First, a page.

Raspberries

Raspberries

Raspberries belong to the rose family of plants which houses other fruits including apples, apricots, blackberries, cherries, peaches, strawberries and pears. Raspberries are the third most popular berry among US consumers. There are 200 species of raspberries and can be placed in three groups, red raspberries, black raspberries, and purple raspberries.

Mature red raspberries can typically be identified by the shade of red in their color, although this red may veer toward the pinkish side. Black raspberries may actually be dark enough to be indistinguishable from blackberries in terms of color. Purple raspberry is one in which reds and blacks have been naturally combined.

Raspberries have been long attributed to their anticancer benefits because of the antioxidant and anti-inflammatory phytonutrients. These phytonutrients are provided in amounts that protect against oxidative stress and the dangers of excessive inflammation.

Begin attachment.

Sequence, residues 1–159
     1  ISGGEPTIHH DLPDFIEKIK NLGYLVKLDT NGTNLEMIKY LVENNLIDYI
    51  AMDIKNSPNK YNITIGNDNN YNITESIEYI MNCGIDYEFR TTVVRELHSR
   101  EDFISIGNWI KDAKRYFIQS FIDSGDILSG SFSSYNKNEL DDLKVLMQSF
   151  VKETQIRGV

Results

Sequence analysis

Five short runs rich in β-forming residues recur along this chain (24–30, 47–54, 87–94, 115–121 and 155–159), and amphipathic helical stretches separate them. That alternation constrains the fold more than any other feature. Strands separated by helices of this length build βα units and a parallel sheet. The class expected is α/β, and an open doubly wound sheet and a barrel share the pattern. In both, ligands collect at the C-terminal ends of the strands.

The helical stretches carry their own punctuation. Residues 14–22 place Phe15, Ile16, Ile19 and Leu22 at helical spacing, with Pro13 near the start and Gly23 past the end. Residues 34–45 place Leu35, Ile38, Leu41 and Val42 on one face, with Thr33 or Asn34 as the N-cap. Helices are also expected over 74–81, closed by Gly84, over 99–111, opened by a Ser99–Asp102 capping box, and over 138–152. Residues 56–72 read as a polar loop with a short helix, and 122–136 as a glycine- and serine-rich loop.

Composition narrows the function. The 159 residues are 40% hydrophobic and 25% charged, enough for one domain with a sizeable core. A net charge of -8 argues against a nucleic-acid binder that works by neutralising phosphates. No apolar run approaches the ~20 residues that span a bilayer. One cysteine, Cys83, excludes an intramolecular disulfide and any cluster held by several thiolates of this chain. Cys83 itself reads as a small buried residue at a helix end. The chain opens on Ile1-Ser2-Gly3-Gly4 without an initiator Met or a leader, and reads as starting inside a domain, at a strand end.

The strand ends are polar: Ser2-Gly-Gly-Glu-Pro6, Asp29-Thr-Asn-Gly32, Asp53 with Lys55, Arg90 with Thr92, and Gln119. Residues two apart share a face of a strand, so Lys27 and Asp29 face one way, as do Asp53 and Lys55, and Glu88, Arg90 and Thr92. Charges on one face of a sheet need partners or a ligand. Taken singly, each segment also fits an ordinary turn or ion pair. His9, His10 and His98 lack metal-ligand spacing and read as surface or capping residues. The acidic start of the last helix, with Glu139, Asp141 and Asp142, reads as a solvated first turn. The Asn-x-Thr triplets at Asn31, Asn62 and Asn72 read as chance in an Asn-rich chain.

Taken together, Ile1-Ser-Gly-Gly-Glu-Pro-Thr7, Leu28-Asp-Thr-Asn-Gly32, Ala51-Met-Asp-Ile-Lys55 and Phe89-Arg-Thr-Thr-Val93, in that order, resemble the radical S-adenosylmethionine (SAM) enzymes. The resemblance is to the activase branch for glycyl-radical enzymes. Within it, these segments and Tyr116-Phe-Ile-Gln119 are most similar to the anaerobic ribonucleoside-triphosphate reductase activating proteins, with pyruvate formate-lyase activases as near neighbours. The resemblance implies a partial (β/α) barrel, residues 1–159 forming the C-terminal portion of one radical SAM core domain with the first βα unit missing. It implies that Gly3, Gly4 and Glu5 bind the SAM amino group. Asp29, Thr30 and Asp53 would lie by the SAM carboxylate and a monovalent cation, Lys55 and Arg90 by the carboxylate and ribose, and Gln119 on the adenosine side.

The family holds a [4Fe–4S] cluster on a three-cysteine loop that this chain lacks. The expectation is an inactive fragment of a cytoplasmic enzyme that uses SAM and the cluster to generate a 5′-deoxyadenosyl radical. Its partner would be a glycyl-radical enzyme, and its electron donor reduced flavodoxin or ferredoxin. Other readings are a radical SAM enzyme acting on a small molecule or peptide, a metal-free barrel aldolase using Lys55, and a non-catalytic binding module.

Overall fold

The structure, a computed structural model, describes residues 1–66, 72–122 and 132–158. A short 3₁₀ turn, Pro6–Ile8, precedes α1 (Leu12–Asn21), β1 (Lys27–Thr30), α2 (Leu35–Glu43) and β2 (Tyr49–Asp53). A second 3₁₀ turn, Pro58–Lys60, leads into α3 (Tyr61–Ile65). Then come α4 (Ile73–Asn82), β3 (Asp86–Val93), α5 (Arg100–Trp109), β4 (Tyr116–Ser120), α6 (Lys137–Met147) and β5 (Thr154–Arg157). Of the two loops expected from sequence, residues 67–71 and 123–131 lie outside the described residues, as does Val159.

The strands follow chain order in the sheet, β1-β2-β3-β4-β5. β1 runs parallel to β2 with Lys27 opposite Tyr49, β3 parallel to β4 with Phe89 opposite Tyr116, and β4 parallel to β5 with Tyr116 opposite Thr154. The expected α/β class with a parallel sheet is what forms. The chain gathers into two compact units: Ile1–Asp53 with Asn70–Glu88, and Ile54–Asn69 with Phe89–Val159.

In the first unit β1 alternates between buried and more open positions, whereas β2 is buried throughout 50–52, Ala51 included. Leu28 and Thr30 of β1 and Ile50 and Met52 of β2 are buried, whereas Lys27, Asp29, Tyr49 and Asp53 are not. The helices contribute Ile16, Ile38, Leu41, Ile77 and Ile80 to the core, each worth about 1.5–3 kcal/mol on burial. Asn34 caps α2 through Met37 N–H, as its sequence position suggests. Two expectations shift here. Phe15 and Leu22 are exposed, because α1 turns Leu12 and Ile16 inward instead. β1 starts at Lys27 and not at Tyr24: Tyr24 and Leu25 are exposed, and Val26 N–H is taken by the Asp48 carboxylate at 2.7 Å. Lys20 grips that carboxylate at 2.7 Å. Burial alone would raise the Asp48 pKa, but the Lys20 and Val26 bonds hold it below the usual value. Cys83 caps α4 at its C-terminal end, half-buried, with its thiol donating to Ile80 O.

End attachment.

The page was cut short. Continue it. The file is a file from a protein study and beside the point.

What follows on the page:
By helping to scavenge free radical molecules, and by helping to regulate the activity of enzymes that could trigger unwanted inflammation, the phytonutrients in raspberries help lower our risk of chronic diseases that are associated with chronic oxidative stress and chronic inflammation. These chronic diseases include obesity, type 2 diabetes, hypertension, and atherosclerosis.

The ellagic acid found in raspberries serves as an anti-inflammatory compound. This phytonutrient has been shown to help prevent over activity of certain pro-inflammatory enzymes (including cyclo-oxygenase 2, or COX-2) as well as their overproduction. Raspberries are also high in vitamin c, folate, fiber, Vitamin K, biotin, magnesium, copper and omega- 3 fats.

 

Reference

World’s healthiest foods (2016). Raspberries. Retrieved from http://www.whfoods.com/genpage.php?tname=foodspice&dbid=39